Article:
Jameson Quinn jameson.quinn at gmail.com
Sat Jan 14 13:32:08 PST 2012

2012/1/14 MIKE OSSIPOFF <nkklrp at hotmail.com>

>  ied-at-Top-Pairwise-Beats-All, Top Ratings.
> In keeping with Kevin's naming, and reflecting its relation to ICA, it
> could be called
> Improved Condorcet-Top (ICT).
> I'll use that because it's shorter.
> One thing that I like about the tied-at-top methods is that they elect A
> in the ABE,
> meaning that one-sided coalition support is sufficient to defeat C, but
> without giving
> the election away to B.
> Of course the election of A violates the Plurality Criterion, but that's
> fine with me.
> To me, the _practical_ advantage described in the previous paragraph is
> worth more than
> the non-practical, aesthetic, Plurality Criterion.

In practical terms, what if the A voters rating of B is purely strategic?
I'd call such LNH-violating strategies "parasitic", and to me they're every
bit as bad as burial strategies, because they have a similar potential, if
miscalculated, to elect an entirely-undeserving candidate.


> ICT has burial strategy. In the ABE, the B voters can make B win by
> burying A, by middle-
> rating C but not A. Then A doesn't have any indifference on his side, in
> hir comparison
> with C.
> But B still beats C, because B>C is still greater than C>B. For the same
> reason, C
> still doesn't  beat everyone.
> And B still beats A, because
> B>A + B=A  is greater than A>B.
> So B is now the only beats-all candidate. B wins.
> As currently defined, ICT elects C in Kevin's MMPO bad-example.
> No one is indifferent between A and B.
> So, since A=B is zero, then A>B + A=B is no greater than B>A.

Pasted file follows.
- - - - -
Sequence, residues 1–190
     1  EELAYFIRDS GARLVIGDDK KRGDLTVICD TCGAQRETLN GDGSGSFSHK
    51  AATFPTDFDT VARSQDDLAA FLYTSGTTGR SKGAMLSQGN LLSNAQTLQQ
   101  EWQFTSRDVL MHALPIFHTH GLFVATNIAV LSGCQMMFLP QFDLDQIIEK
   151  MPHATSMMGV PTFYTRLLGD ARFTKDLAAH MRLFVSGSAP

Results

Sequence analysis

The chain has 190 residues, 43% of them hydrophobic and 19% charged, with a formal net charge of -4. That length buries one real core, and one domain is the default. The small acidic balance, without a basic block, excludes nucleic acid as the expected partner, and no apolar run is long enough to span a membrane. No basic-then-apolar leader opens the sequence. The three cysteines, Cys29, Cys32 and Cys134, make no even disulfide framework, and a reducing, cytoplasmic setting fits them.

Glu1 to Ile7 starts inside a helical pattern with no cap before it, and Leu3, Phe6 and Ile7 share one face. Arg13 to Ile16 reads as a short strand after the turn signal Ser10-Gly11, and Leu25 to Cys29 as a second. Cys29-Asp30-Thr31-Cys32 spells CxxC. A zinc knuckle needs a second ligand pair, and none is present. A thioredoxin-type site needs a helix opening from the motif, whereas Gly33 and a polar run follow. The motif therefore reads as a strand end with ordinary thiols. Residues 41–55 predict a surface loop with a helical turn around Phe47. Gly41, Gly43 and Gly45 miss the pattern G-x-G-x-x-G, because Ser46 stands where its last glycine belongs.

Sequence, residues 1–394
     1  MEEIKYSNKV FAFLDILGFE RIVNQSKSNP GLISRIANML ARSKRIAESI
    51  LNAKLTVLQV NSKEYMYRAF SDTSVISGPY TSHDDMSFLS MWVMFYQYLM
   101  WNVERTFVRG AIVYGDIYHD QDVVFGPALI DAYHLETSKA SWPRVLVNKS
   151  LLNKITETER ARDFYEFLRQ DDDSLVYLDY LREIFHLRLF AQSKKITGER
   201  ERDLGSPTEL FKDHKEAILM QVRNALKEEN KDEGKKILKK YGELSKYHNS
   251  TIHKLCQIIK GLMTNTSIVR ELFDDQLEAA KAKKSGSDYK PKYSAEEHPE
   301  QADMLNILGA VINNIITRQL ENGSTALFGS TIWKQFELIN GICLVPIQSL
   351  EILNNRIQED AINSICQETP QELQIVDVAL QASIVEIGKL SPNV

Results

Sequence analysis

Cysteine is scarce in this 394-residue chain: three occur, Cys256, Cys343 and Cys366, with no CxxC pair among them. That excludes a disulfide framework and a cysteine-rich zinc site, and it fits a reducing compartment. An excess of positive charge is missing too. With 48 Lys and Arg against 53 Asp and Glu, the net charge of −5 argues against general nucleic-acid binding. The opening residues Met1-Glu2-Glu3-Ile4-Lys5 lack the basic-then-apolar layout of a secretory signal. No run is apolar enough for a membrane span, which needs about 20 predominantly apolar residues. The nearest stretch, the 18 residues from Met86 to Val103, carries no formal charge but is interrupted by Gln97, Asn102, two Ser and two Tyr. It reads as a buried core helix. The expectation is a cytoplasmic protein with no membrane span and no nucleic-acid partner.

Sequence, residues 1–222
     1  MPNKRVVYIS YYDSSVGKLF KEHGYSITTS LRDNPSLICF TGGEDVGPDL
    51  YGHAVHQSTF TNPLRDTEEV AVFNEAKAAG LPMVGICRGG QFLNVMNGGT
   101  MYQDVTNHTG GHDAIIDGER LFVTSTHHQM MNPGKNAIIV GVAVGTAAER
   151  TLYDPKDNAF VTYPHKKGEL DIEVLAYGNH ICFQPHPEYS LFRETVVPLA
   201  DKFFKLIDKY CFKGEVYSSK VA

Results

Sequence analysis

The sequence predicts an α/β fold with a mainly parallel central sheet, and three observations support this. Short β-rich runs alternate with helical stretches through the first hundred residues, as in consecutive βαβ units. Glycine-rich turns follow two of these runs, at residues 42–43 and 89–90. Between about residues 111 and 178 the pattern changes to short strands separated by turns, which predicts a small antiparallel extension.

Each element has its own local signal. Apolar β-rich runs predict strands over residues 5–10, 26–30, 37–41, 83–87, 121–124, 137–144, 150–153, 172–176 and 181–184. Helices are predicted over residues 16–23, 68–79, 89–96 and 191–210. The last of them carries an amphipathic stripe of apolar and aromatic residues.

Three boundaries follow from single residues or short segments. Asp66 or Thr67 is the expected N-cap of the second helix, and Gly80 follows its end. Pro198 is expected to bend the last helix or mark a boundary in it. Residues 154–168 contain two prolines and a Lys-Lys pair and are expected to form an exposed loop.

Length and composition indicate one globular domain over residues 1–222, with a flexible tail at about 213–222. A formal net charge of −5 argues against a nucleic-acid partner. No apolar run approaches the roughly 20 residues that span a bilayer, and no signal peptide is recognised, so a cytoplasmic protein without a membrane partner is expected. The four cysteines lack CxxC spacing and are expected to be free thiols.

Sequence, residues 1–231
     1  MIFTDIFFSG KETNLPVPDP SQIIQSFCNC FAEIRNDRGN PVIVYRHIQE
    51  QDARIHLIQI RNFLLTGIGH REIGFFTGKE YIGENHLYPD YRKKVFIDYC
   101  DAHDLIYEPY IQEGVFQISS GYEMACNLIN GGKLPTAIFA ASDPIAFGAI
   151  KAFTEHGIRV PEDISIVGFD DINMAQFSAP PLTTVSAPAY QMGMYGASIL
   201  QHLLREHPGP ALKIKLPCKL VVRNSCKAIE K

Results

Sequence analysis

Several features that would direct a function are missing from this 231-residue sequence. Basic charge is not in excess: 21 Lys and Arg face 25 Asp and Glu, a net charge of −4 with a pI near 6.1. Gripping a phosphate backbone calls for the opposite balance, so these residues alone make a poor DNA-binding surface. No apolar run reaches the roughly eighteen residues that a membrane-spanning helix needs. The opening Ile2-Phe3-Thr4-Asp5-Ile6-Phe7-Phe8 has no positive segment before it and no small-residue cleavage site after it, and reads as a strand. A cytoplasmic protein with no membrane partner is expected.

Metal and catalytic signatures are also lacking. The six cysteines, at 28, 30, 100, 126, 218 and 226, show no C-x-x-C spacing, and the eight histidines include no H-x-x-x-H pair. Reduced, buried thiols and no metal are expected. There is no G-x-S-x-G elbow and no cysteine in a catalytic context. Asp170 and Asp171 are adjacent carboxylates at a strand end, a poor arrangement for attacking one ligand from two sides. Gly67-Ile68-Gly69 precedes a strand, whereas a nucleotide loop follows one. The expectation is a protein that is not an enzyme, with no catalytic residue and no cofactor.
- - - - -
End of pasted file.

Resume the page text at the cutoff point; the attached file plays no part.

> Likewise vice-versa, of course, since A & B are symmetrically-related.
> Therefore, neither beats the other.
> Maybe that can be fixed, by defining "beat" in the opposite way, so that x
> beats y
> if x>y is greater than y>x + x=y, and then saying that the winning set is
> the set
> of unbeaten candidates.
> In summary, ICT does three things that some find unacceptable:
> 1. Plurality Criterion violation
> 2. Successful burial strategy
> 3. Noncompliance in Kevin's MMPO bad-example.
> #1 and #2 aren't a problem to me. #2 could be, but I don't know what
> burial-deterrence
> ICT has.
> With the sole exception of MMT, the conditional methods meet
> Mono-Add-Plump.
> They probably meet the Plurality Criterion too, because of their close
> relation to
> Approval. If B defects, those methods elect C, in compliance with the
> Plurality Criterion.
> Burial strategy has no meaning in the conditional methods. As I've been
> saying, they're
> a completely new kind of method, with a new kind of strategy, a milder
> strategy.
> Mike Ossipoff
> ----
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